My grandfather was in the RCAF during WW2. he flew supply and other missions in various areas of operations.
Africa, Burma, India, and east and west coasts of Canada.
When he died there was a gentleman sitting ast his funeral , older man witha strange acent, I had never met him, but turned out he was a former German Airforce pilot, who flew for the other side in Africa. He was a Nazi Officer, card carrying member . He and my grandfather became friends many years later. He came to my grandfather's funeral out of respect for another flier who had past on. So I guess old grudges do die and new found respect does happen.
I always wondered how hard it would be for the other side to hold a Memorial Day or Remembrance Service knowing the past losses and the course of history. I think some honours and respect are lost for the losers of a war, and that tanishes the memory of the fallen of that side. Winners are heros, losers are chumps.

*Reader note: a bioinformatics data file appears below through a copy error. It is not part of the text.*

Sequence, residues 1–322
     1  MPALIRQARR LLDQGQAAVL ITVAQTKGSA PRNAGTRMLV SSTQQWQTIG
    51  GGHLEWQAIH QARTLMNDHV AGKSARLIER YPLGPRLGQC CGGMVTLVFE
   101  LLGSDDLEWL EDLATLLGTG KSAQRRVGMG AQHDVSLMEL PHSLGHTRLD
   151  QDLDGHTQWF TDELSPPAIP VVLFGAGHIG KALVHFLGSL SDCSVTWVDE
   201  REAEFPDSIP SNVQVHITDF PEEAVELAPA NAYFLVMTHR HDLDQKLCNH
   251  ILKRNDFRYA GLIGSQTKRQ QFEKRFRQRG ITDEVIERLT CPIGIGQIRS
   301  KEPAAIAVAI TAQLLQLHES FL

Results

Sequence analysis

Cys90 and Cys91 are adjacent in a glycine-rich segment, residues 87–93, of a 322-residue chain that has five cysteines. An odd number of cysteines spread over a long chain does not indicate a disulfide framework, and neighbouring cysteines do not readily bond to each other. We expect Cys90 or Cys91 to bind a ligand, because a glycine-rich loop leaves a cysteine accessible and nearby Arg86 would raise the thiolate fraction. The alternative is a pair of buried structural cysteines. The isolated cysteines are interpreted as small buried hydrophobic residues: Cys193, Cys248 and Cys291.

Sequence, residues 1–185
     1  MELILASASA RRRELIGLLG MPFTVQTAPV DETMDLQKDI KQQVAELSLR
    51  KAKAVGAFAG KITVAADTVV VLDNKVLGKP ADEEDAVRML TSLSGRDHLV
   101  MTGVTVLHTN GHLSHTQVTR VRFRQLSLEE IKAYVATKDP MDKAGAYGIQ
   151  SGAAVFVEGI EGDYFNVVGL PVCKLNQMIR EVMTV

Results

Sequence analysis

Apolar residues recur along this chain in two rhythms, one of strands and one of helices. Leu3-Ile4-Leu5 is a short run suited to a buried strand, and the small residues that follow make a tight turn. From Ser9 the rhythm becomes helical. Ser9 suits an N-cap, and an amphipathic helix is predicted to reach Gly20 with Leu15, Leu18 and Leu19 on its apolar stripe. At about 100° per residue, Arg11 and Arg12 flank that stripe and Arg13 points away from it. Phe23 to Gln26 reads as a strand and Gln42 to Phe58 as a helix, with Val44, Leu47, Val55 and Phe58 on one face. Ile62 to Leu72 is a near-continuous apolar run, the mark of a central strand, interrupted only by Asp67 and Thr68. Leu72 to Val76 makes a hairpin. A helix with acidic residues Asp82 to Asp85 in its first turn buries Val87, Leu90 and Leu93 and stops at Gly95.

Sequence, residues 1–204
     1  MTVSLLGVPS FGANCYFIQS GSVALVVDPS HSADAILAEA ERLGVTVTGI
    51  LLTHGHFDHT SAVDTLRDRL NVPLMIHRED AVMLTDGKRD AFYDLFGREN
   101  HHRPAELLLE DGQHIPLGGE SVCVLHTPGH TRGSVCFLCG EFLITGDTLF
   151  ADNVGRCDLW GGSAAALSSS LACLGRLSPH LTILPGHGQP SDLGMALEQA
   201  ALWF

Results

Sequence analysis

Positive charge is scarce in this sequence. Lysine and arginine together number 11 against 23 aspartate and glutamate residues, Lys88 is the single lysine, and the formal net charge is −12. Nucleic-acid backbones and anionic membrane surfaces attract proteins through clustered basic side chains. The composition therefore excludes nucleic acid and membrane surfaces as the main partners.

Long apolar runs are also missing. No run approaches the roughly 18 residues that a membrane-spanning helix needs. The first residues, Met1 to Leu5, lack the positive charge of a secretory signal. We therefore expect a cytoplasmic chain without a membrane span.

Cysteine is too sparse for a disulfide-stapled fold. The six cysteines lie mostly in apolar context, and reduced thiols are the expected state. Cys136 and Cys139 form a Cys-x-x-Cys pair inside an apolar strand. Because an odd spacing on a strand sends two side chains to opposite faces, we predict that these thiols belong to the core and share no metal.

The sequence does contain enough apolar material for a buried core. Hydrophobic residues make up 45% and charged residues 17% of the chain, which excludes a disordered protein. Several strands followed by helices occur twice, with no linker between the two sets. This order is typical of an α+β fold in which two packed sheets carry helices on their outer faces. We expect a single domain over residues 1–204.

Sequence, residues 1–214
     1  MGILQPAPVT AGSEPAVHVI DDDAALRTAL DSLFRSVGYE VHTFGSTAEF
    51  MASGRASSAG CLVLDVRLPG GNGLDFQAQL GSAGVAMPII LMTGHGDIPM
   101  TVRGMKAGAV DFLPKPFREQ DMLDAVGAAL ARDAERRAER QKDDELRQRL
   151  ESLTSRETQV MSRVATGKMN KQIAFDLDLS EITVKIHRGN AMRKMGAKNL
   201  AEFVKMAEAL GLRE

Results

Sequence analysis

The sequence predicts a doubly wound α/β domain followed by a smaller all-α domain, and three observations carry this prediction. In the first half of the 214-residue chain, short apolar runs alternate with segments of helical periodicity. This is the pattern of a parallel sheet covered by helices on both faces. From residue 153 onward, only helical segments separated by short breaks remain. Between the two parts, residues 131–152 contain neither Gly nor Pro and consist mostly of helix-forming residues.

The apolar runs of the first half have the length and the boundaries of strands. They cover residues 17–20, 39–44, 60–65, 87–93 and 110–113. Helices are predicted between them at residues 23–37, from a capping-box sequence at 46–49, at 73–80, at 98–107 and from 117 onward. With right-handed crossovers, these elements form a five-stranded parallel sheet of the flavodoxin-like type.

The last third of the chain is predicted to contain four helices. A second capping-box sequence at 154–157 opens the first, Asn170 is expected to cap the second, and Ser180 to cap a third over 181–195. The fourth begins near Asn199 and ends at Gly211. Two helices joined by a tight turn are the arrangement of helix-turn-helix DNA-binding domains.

I feel for losers on both sides, The losers are the fallen and they are buried in strange lands far away from their families, some have no graves, no markers just a location in the vast oceans of the world.
My grandfather was E.J. Sparks , Captain Retired Canadian Forces
RCOC, RCAF, RCNR,. When he died I got his metals, no exciting ones, just the Burma Star, Africa star and clasp, various UN metals, CD with clasp, and the I was there metals, I would never consider wearing them, I would never let anyone else wear them. They now mine, and going to be put ina shadow box frame with his service record and picture someday.